(Edit from AP) Spring for many homeowners means confronting all the things that have filled up the closets, basement and garage over the past year. As the late comedian George Carlin used to say: “Your house is a pile of stuff with a cover on it.”

Getting rid of that stuff has always been tricky, especially if you hope to come away with some cash.

(Edit from AP) Spring for many homeowners means confronting all the things that have filled up the closets, basement and garage over the past year. As the late comedian George Carlin used to say: “Your house is a pile of stuff with a cover on it.”

Getting rid of that stuff has always been tricky, especially if you hope to come away with some cash.

Today, because of the Internet and the recession, there are more options than ever for trying to sell used items. To newspaper classified ads, garage sales and flea markets, add Facebook, Craig’s List, eBay and other online trading sites. To pawn shops and consignment shops, add an expanding array of resale stores that pay cash on the spot.

Laura Deaton Morarity, who was preparing to move recently to a new public relations job in Seattle, was a little stunned at how much she had acquired in her Cincinnati-area home after living there just four years. But in the middle of a bad winter, how do you do that quickly?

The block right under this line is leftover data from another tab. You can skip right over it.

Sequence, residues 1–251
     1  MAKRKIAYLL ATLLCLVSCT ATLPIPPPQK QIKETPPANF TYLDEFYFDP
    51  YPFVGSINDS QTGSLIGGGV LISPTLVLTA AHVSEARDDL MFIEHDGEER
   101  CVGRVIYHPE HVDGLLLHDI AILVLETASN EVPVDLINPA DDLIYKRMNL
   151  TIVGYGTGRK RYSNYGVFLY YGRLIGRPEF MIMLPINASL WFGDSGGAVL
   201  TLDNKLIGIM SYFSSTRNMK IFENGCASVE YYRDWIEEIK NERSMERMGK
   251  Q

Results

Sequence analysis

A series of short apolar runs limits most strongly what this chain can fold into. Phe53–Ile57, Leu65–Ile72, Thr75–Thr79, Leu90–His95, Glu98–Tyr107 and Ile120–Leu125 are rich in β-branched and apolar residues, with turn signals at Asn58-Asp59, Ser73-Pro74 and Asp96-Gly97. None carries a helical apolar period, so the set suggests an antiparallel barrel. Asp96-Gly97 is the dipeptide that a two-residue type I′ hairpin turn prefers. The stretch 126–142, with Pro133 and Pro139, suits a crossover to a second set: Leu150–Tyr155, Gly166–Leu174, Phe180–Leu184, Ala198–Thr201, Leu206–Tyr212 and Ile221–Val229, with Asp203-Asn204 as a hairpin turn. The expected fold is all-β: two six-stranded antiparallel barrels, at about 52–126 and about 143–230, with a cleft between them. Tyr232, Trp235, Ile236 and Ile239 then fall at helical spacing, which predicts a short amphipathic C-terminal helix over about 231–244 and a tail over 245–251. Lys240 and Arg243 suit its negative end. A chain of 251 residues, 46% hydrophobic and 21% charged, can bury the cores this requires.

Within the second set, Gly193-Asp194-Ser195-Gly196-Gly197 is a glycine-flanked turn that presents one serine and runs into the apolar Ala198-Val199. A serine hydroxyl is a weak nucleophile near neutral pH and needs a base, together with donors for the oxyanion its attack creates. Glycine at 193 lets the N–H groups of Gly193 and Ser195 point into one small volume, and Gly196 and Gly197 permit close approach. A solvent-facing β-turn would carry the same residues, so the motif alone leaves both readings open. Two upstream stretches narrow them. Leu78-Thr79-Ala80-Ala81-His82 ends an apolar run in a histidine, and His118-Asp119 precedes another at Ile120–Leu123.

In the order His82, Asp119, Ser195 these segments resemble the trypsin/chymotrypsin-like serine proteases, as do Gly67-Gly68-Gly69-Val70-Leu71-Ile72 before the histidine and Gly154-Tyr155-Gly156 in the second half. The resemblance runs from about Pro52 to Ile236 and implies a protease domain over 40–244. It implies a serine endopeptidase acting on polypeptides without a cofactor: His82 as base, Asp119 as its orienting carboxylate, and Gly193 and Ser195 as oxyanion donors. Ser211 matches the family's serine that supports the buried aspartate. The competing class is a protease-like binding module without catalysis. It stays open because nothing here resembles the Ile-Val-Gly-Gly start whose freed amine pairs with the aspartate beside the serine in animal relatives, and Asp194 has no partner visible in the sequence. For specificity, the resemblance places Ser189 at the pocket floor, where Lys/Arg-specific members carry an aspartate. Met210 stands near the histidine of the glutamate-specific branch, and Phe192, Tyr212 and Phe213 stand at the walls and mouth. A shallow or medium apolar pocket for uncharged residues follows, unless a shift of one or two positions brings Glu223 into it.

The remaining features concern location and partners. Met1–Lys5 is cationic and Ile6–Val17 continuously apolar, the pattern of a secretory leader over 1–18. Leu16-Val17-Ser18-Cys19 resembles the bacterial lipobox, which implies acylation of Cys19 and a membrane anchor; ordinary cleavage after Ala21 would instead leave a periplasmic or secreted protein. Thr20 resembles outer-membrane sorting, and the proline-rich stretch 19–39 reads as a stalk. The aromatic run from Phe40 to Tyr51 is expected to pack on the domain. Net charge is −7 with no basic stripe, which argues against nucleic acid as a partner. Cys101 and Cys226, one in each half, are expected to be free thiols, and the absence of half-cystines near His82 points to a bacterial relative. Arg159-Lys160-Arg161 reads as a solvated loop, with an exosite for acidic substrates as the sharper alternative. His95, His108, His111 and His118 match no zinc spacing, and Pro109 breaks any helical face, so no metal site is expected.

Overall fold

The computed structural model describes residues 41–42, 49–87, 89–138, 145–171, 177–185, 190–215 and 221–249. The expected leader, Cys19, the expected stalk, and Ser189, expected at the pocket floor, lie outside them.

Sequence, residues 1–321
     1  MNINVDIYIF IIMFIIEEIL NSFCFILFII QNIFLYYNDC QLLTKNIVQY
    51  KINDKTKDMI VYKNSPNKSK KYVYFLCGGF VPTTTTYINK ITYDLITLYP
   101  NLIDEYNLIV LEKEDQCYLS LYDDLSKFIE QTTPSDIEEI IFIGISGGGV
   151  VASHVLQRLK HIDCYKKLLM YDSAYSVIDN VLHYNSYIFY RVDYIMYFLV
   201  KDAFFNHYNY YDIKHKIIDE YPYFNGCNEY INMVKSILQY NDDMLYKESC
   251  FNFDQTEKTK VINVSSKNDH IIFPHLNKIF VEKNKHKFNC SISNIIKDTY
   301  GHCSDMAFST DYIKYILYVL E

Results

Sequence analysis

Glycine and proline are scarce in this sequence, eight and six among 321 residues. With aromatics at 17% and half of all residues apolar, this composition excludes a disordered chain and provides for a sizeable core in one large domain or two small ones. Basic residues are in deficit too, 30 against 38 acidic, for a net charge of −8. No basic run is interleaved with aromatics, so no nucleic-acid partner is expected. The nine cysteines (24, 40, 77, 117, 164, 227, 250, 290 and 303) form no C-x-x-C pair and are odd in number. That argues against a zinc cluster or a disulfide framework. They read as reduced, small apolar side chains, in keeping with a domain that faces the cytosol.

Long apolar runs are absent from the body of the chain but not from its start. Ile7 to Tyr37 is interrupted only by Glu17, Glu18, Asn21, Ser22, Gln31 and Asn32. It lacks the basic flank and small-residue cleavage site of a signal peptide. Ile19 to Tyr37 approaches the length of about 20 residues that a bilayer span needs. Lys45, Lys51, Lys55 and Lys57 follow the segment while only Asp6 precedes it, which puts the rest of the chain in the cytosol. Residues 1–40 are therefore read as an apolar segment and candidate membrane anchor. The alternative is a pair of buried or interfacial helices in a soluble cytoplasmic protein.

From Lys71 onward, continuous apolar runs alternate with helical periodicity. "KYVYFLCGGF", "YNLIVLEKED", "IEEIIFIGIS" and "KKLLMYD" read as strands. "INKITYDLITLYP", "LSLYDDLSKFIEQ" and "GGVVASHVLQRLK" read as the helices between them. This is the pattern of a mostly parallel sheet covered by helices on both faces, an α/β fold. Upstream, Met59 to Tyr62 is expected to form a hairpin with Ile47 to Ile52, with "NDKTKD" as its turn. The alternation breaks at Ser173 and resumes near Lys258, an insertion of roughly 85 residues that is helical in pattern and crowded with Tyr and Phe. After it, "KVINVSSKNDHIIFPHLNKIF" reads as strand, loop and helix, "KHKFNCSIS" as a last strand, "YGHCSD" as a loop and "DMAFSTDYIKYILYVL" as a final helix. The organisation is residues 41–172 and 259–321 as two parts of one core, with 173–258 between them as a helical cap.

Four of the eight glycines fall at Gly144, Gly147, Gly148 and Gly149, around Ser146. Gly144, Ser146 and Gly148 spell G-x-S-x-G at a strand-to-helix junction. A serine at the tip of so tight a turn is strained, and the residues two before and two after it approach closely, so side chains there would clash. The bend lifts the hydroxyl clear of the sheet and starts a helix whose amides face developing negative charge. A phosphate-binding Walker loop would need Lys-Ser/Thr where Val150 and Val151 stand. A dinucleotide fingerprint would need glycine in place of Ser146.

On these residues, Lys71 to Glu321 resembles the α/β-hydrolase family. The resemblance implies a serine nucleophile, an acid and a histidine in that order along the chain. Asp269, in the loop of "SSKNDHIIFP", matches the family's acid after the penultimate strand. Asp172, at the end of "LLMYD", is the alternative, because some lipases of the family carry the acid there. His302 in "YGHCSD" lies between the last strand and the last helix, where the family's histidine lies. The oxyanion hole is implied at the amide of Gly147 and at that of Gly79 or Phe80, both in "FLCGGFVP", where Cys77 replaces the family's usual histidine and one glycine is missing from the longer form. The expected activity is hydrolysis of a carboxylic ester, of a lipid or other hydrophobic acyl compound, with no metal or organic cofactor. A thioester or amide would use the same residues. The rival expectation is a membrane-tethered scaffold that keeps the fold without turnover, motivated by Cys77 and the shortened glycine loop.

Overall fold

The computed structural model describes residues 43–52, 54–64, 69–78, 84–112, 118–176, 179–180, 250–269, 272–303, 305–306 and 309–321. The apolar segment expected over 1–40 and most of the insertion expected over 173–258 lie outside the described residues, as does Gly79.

Her solution: a virtual yard sale on Facebook. She posted a photo album on the social networking site and alerted her friends and family, who also got their Facebook friends involved in the buying.

In 24 hours, Morarity sold everything she listed: couch, chair, dining room set, loveseats, TV stand and more.

Goodwill Industries International Inc., the Salvation Army, and other charities provide another option: They can help give your clothing, furniture, books and other items appreciative new homes while you support their humanitarian efforts and can also get a tax deduction.

“We have found that in a tough economy, people like to know that their donations are being reinvested back into the community,” said Jim Gibbons, Goodwill’s CEO.

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